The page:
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advocating for global programs or girls empowerment or education or that you can buy a goat as a teacher's gift and share it online and educate other people about that and the ramifications and repercussions, it's like a domino effect. not everyone is going to have the same opinion or interest but interacting about those things and why you did them, somebody else will learn and maybe not today. maybe not tomorrow. but maybe in a year they'll think oh, you know what, i could do that too. and then they would be inspired to do it. i think there's a definitely balance between there are so many things they shouldn't do but what can they be doing? >> ellen, giving kids a voice online, how important is it to teach your kids that they can change with their voice, they have a powerful tool right there within themselves? >> i marine it is the foundation of what we do at kids views, it is about empowering kids to voice their opinions and
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understand how to use the technology responsibly. there is no reason why kids shouldn't be able to participate and use those rules. it is incredibly validating to do something positive and see a ripple effect and seeing kids around the world joining in or commenting on that video three made. the definition of a friend has changed. it's not just the kids sitting next to you. this touches on your last segment with the bilingualism. the world is much smaller and kids are communicating on a much broader scale every day and it's thrilling and empowering for them. >> we have digitally savvy kids poised for success but what about the less tangible immediate tricks, let us know what you think. using the hashtag #ajamstream.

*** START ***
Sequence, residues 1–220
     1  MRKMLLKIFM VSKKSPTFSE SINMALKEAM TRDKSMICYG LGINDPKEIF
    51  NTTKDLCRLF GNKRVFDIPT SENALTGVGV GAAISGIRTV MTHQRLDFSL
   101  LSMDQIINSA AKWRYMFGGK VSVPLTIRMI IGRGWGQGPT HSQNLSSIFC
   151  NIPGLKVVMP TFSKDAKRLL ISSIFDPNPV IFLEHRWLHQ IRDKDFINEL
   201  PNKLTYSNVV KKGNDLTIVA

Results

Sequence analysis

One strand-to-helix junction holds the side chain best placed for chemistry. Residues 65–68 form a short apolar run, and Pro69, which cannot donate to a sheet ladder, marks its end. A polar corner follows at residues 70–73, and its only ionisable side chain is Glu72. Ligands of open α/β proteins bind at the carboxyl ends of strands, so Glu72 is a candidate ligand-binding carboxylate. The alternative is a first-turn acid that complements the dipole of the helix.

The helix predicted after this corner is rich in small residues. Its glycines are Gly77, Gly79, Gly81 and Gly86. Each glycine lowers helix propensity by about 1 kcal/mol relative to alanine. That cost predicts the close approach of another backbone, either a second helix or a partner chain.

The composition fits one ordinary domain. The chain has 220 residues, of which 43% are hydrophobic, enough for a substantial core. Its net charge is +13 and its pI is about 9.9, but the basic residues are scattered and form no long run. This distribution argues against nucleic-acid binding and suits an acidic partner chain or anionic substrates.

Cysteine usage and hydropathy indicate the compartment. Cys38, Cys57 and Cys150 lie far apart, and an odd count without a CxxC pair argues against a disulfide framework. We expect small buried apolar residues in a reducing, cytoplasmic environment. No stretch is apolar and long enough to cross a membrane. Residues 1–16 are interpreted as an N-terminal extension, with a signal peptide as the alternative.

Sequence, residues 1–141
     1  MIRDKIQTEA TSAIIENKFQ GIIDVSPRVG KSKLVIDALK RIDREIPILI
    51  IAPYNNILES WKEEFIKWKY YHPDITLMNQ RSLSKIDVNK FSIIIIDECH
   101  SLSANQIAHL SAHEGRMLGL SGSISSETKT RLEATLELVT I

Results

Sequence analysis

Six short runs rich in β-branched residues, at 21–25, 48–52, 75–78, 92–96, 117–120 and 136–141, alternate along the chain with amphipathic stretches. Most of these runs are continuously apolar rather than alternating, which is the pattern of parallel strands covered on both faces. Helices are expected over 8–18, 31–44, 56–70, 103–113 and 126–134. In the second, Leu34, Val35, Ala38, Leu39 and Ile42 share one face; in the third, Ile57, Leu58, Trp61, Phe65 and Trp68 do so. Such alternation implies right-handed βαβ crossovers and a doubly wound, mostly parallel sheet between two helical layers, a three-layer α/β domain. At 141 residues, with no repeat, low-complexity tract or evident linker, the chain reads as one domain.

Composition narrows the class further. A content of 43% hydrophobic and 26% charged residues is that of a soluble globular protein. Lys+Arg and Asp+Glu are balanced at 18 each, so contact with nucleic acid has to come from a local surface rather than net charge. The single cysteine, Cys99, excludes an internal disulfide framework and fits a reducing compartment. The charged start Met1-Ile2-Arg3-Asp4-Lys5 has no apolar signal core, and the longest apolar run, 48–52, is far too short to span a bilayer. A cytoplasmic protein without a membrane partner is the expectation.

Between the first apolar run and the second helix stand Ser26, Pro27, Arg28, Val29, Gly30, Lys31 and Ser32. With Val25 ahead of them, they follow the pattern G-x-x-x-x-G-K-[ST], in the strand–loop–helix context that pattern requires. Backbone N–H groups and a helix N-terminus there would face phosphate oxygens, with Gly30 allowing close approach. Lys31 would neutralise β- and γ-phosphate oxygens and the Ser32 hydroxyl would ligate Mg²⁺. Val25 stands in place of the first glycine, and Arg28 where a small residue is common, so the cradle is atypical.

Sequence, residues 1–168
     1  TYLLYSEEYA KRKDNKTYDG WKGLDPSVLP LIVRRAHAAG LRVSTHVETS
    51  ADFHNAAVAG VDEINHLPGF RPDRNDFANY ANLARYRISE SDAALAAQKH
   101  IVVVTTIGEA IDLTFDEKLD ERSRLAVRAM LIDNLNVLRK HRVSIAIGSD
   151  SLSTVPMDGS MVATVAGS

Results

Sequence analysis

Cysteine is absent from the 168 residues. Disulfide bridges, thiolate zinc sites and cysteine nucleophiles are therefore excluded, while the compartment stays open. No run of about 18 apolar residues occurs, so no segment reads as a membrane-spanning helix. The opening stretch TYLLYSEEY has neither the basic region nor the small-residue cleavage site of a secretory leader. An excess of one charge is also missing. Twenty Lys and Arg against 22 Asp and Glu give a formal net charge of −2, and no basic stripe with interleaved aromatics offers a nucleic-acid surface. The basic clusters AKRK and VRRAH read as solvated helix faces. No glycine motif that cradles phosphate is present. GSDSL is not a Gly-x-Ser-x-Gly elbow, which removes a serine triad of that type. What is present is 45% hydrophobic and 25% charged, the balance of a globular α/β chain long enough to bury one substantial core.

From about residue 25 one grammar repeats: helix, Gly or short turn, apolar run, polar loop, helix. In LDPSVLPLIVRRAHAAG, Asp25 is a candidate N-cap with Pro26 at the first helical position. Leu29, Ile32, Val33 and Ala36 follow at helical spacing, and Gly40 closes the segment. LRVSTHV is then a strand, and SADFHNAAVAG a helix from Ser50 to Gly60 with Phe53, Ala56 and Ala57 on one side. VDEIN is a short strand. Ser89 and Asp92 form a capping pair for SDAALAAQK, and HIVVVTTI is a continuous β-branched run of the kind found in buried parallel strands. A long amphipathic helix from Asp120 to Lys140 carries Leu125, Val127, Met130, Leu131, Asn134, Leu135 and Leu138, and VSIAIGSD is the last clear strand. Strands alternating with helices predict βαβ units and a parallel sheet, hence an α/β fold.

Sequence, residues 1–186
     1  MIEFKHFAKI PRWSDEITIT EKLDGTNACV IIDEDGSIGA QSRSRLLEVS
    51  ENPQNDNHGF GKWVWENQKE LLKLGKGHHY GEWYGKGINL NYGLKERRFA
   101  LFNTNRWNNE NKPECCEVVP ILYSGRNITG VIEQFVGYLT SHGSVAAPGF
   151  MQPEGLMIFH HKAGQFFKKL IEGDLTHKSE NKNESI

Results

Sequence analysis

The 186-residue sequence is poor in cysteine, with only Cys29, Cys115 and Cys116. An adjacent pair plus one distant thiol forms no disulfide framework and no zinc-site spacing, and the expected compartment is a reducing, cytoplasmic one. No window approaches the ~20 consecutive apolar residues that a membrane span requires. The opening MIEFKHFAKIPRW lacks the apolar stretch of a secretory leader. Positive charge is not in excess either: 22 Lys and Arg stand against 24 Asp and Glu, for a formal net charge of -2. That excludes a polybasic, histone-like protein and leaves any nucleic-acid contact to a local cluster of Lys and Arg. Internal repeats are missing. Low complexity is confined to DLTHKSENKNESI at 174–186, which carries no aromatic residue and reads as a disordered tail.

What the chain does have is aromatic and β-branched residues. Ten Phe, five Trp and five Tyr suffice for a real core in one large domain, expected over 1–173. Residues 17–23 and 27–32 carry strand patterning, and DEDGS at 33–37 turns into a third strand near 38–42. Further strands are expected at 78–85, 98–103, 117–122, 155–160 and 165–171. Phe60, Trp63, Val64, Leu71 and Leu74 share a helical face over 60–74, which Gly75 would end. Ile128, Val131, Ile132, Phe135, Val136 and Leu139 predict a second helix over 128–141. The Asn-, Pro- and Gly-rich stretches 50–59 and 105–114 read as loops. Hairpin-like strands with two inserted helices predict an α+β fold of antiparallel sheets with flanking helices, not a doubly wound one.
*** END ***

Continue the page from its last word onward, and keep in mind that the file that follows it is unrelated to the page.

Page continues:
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can ♪ ♪ >> welcome back. we are looking at the challenges of 21st century parenting and what's your best shot at raising a well balanced kid. how do you create a space that empowers the kid to take risks when the parent's prerogative is to protect them from risks? >> you have to find a space for them to talk and you are going to listen. it is not about you. you have interests about things that are fabulous but if your child's not interested, it's not going to become a lifelong passion or the passion for the next six months because that's what their time frame really is. listening to them, hearing what it is they're interested in,
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it's very small scale, that's okay, it came pr them. it doesn't have to -- came from them. it could affect five, if they feel good about it they've done something. >> greg, how important is it to give your kids the freedom to fail? >> well, i think every child needs to learn how to fail. adults still need to learn how to fail. i need to learn how to fail. as kids grow up, i think go back to the other point of you can't always do everything for your kids. and the tiger-parent i guess, prevents people from -- prevents kids from actually failing most of the time. and i see that a lot in schools. if you're going to failure going to learn from your failures. there's no question it's always been that way and it's always going to be that way. it's critical that kids learn how to fail, learn how to respond to the failure which is